converting real world data into one or more augmented virtual reality (AVR) objects;
enhancing the one or more AVR objects to include at least one of processed data visualization and multiuser controls;
positioning the enhanced one or more AVR objects in a virtual space-time;
making available, as AVR media, a scene tree including the virtual space-time in which the enhanced one or more AVR objects are positioned.
2. The method of claim 1, further comprising:
classifying the real world data into one of raw data, symbolic data, and media data;
when the real world data is raw data, spatializing an element included in the raw data, the spatialized elements being converted into the one or more AVR objects,
when the real world data is symbolic data, formatting the symbolic data, the formatted symbolic data being converted into the one or more AVR objects;
when the real world data is media data, formatting the media data, the formatted media data being converted into the one or more AVR objects.
3. The method of claim 1, wherein the enhancing the one or more AVR objects is carried out to include the processed data visualization, the enhancing the one or more AVR objects comprises animating at least one of the one or more AVR objects.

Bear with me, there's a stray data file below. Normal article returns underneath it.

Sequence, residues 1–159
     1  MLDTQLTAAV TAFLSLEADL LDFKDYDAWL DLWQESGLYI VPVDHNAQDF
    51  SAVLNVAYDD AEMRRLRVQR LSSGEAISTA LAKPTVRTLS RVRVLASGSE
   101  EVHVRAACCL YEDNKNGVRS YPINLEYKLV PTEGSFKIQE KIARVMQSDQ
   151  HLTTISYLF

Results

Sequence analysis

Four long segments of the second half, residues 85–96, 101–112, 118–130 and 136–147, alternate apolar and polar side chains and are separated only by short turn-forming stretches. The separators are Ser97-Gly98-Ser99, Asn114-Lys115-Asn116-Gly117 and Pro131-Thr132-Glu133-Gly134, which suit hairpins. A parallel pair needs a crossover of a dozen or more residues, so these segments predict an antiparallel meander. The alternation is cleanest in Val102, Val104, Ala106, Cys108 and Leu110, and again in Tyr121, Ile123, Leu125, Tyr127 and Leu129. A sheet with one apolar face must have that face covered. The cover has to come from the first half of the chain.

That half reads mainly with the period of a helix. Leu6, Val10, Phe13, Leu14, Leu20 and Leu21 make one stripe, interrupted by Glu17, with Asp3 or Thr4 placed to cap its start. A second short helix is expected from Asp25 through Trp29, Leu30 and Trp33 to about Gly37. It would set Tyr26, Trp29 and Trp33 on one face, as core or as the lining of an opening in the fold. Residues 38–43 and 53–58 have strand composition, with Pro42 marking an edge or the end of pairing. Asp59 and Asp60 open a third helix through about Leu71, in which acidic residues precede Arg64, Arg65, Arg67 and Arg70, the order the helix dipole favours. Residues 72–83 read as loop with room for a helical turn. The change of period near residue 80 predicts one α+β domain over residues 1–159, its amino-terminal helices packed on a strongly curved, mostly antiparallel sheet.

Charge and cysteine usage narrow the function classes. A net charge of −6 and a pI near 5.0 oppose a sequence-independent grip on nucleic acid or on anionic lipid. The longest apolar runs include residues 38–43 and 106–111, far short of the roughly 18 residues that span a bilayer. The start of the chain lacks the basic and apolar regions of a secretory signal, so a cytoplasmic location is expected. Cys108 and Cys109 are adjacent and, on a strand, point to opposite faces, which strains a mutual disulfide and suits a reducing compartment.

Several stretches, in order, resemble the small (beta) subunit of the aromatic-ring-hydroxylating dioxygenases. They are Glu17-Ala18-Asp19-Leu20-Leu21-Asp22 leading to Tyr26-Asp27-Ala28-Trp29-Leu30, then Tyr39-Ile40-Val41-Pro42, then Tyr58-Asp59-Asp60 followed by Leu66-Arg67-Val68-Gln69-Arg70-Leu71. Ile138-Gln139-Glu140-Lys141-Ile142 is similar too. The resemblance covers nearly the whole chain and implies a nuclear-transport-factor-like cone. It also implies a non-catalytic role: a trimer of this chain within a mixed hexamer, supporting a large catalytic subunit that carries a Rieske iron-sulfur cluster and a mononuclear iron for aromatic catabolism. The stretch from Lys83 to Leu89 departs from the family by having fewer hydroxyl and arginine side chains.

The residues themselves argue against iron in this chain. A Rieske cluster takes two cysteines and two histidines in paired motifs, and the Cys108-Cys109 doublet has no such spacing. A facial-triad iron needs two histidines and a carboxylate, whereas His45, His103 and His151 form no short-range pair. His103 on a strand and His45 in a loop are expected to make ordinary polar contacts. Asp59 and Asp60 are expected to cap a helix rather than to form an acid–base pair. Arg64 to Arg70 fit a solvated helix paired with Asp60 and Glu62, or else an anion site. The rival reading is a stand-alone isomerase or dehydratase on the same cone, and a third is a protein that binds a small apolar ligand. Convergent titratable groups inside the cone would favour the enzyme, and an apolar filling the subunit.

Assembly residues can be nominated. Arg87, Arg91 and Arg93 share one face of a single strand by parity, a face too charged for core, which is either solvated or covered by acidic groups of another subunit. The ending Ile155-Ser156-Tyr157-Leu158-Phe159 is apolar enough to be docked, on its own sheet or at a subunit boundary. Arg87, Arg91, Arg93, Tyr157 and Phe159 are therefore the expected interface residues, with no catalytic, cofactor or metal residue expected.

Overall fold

4. The method of claim 1, wherein the enhancing the one or more AVR objects is carried out to include the processed data visualization, the enhancing the one or more AVR objects comprises adding audio to at least one of the one or more AVR objects.
5. The method of claim 1, wherein the enhancing the one or more AVR objects is carried out to include the processed data visualization, the enhancing the one or more AVR objects comprises modifying a belt panel associated with the AVR media.
6. The method of claim 1, wherein the enhancing the one or more AVR objects is carried out to include the processed data visualization, the enhancing the one or more AVR objects comprises adding a mixed reality (MR) transition functionality to the AVR media.
7. The method of claim 1, wherein the enhancing the one or more AVR objects is carried out to include the multiuser controls, the enhancing the one or more AVR objects comprises adding interactivity to at least one of the one or more AVR objects, the interactivity including at least one of an AVR button, an AVR dialog, and an AVR timeline.